All essays have a beginning and an end, but they also have a middle, the main body of your essay. The structure of the body of your essay can vary, depending on the type of essay you write. Essay assignments that have small page or word count requirements may not give you much room to play with the structure. However, knowing some of your options in structure will help you make the best choices to convey your ideas.
When you have an essay that relates a story or event, use the body of your essay to tell the story as straightforward as possible. This means you will need to relate your idea in a linear manner, starting at the beginning and moving through to the end. A linear structure often helps you convey your ideas with clarity, helping the reader understand what takes place, explains Janet Burroway, a retired writing professor from Florida State University. This type of structure works very well for story-related essays, but it will not work well with essays such as comparison essays.
State Your Points
Certain essays such as argumentative papers and other research-oriented writing will often use a structure that allows you to state a series of points to build your argument. In this structure, you will begin with general information and get more specific with each argument thereafter. This allows you to convey the broad information about the topic and then narrow the focus of your argument to ultimately prove your ideas.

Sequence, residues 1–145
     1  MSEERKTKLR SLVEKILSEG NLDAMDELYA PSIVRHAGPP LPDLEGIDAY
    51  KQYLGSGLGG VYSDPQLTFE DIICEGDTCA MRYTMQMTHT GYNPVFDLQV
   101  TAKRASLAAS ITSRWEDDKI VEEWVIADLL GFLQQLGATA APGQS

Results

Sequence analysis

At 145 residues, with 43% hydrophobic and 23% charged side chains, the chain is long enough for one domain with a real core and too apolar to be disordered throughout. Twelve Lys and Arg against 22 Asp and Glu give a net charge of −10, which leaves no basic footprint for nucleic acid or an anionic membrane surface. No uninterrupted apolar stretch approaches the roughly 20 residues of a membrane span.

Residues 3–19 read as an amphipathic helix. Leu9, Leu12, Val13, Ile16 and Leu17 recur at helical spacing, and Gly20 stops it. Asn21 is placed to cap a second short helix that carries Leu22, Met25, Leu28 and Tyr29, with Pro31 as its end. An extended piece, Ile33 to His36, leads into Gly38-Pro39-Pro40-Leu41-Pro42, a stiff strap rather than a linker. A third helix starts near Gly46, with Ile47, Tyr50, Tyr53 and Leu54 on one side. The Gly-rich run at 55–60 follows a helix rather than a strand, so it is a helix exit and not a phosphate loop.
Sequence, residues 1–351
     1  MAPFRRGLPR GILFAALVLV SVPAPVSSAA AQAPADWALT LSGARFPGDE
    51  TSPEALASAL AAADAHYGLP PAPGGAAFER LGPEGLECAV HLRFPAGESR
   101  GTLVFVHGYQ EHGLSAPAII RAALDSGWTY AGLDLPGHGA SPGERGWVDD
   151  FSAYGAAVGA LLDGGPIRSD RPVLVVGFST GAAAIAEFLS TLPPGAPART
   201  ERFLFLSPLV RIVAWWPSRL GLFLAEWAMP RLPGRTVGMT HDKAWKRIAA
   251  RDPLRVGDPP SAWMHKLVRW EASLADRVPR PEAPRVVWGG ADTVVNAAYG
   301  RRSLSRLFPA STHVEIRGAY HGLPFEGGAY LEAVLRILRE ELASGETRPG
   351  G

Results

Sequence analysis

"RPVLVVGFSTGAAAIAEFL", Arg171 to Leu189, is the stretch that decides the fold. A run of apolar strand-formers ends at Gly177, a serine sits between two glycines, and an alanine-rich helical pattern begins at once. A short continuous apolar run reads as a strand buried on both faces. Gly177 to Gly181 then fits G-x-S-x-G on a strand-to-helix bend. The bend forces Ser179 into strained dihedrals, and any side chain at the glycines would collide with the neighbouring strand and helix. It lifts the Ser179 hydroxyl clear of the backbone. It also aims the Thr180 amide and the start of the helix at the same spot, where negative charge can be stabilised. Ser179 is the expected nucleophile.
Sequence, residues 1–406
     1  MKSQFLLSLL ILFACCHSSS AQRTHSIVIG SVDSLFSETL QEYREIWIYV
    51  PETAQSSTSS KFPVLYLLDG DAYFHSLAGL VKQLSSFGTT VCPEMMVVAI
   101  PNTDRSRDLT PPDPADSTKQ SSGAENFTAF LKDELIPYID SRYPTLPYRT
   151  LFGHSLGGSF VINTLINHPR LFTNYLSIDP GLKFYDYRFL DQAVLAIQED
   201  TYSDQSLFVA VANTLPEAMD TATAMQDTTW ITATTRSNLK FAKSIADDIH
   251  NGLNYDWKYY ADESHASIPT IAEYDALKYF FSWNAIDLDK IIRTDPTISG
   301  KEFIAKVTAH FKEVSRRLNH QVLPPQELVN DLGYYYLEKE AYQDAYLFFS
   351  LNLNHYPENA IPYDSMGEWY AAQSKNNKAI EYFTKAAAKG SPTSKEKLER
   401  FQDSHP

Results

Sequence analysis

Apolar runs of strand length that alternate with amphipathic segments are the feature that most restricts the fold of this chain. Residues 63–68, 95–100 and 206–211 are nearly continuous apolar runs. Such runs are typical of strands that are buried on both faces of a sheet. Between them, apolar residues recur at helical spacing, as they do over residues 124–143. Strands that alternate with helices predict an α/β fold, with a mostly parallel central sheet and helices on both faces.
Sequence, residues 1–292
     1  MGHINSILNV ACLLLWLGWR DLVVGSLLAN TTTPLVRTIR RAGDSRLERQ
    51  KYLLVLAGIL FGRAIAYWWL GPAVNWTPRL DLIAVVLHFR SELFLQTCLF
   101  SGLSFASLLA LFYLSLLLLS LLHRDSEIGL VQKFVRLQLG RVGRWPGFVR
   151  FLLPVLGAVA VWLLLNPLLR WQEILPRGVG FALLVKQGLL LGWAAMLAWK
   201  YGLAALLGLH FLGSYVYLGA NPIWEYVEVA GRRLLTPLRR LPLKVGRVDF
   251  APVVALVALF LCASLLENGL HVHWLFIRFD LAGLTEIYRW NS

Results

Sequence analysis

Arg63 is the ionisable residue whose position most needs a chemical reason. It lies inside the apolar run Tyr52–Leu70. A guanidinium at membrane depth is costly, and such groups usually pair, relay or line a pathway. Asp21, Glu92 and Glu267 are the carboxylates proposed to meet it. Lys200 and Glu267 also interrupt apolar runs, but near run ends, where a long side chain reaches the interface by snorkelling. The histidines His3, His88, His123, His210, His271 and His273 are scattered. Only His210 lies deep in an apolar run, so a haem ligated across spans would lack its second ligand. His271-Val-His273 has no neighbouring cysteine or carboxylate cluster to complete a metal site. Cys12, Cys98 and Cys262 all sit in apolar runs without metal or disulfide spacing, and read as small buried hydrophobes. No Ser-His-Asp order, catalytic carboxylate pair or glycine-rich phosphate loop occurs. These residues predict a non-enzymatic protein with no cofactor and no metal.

Contrast and Compare
In essays that require you to evaluate two or more things or ideas, a contrast and comparison structure might work best. You can compare one characteristic of your topic and then compare another characteristic, showing differences and similarities in the two things you compare. You will continue this pattern until you complete your comparison. For another option, you might provide all the information about one of the ideas and then give the information for the other idea, comparing the two as you go, says Burroway.
In a longer essay, you can use a structure that allows you to incorporate more research. For example, you might have a paragraph in the body where you explain a particular viewpoint on your topic and after this you use one or more paragraphs to support that idea with your research. You can then state another argument or point and use other paragraphs to prove this next idea, continuing with this pattern until you address all of your ideas and accompanying research.
- Purdue Online Writing Lab: Essay Writing
- Prentice Hall Reference Guide; Muriel Harris
- From Critical Thinking to Argument; Sylvan Barnet and Hugo Bedau
- Imaginative Writing; Janet Burroway
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